Even with stimulus money newly available for operations, many transit agencies will be balancing services against long-needed upgrades. "Flexibility is welcomed," said Ted Basta, chief of business services for the Metropolitan Atlanta Rapid Transit Authority, "but in our case, it will be which house to rob to help the other side."

The deep trouble for transit agencies has been a decade in the making. Since 1999, urban areas with more than 200,000 people have been barred from using federal transit funds to cover operating costs. President Obama’s stimulus plan carried that theme forth by mandating that the $8.4 billion in stimulus transit funds go only toward capital improvements, essentially construction, repair and new purchases, and not toward filling operating holes, like the $50 million deficit that St. Louis Metro is facing.

When the transit provision becomes law, St. Louis Metro will be able to use $8 million in stimulus funds to cover a portion of the deficit, but it’s not enough to restore all the decimated suburban bus service or the hundreds of jobs that were lost. In March, Metro closed 2,300 bus stops and cut 450 workers.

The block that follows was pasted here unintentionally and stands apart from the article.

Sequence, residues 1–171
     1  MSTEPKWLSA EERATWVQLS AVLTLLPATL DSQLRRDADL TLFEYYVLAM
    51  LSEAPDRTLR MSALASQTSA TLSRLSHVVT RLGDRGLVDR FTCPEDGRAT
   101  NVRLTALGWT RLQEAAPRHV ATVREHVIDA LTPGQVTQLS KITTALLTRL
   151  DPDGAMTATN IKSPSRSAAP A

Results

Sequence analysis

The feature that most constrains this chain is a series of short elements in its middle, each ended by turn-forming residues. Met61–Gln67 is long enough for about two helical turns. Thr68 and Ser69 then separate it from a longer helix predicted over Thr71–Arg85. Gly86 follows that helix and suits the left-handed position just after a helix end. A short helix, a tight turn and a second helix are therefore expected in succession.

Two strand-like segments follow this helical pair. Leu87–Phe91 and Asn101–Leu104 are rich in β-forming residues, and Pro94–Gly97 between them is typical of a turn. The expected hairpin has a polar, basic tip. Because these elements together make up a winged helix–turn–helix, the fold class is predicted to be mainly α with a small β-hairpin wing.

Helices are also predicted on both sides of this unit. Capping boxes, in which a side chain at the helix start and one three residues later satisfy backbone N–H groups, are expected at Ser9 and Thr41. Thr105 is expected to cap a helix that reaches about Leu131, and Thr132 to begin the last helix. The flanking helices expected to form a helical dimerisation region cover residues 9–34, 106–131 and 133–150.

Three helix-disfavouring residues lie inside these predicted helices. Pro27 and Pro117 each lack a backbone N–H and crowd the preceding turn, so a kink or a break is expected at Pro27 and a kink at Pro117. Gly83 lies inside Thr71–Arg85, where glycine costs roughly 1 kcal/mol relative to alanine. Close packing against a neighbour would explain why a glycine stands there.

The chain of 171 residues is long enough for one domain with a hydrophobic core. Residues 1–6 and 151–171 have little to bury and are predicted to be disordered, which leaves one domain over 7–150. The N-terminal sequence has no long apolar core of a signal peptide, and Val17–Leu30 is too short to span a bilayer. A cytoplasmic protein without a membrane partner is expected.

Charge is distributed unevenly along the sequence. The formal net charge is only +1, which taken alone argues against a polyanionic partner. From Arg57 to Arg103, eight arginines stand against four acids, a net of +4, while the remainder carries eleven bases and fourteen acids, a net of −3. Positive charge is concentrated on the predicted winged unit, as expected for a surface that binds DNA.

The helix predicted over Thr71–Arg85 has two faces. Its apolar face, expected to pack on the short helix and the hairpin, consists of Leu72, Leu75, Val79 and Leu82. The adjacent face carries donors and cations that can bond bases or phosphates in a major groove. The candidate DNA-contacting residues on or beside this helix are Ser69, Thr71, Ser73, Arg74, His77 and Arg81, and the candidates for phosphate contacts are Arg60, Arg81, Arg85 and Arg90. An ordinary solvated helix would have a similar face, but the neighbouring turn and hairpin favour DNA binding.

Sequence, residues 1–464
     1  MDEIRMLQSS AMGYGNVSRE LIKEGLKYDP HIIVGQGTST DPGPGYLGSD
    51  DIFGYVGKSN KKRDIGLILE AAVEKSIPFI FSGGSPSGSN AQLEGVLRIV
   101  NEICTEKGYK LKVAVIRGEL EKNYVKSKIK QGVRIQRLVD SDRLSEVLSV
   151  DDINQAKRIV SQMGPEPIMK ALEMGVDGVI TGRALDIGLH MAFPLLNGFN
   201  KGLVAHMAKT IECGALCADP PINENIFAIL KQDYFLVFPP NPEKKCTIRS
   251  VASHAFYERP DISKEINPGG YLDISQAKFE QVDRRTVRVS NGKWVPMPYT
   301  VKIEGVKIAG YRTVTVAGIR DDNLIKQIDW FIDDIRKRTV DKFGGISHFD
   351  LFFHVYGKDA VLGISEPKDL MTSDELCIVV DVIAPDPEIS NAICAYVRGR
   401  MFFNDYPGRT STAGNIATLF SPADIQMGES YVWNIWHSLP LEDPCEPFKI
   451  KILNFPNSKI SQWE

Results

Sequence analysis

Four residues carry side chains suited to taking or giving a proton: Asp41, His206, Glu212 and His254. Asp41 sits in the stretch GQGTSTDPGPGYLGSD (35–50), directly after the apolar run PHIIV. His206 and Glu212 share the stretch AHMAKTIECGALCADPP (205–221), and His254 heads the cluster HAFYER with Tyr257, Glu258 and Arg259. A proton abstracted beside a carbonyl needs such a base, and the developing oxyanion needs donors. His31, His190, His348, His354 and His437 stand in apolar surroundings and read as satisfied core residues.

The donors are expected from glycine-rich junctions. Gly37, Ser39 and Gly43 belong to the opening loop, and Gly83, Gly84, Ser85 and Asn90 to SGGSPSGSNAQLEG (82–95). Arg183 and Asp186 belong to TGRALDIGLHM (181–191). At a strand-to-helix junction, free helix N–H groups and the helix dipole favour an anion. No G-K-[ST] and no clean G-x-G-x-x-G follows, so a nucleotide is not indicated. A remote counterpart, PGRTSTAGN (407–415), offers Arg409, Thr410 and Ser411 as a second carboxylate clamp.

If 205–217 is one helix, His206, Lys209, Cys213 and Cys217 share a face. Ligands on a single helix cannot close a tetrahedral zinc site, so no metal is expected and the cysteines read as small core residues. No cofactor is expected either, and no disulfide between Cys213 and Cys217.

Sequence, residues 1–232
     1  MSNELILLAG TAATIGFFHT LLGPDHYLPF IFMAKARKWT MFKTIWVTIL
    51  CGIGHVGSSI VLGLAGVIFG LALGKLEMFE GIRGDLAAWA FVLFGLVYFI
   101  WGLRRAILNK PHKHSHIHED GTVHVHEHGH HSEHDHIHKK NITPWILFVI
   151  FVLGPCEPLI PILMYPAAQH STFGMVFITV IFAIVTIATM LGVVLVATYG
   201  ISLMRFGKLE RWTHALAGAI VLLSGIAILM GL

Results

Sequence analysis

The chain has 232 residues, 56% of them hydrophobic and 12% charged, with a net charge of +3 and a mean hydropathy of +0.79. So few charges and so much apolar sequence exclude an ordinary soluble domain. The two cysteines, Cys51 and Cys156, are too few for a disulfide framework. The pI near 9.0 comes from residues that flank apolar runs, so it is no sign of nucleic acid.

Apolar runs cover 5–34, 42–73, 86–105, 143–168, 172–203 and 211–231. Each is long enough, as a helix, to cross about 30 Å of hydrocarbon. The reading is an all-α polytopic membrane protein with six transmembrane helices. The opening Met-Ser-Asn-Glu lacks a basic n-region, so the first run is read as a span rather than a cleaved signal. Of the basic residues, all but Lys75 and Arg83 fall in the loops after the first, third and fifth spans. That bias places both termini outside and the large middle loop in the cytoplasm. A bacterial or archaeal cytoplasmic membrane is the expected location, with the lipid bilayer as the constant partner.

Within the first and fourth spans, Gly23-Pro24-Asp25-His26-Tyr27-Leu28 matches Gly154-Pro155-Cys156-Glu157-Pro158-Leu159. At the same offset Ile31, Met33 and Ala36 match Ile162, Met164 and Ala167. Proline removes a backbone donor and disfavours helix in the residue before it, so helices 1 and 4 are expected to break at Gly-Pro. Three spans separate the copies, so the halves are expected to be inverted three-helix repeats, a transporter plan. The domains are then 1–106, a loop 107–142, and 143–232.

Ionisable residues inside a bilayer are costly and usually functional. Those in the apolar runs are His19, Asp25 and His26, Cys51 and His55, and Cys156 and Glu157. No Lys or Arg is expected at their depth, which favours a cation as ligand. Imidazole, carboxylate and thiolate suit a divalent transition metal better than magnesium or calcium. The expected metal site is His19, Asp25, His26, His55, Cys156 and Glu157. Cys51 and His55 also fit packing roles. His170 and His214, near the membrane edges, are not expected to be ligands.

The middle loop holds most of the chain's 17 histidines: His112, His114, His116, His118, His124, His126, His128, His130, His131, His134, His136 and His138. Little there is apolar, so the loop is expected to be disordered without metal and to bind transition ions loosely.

The stimulus money might be combined with $12 million in new state funds to bring back a third of the lost service. Meanwhile, some of the stimulus capital money will replace rail ties, according to Tom Shrout of Citizens for Modern Transit, a group that advocates expanding St. Louis transit. "That’s fine," Shrout says, "but it doesn’t have to be done now, and we’ll lose riders for years if there’s a service cut."

In New York, the state took evasive action to preempt a $1.8 billion deficit at the Metropolitan Transit Authority, which runs New York City subways and buses and suburban commuter rail lines. Still, the MTA had to boost fares about 10 percent even as it spent stimulus money on a subway line that has been delayed for decades.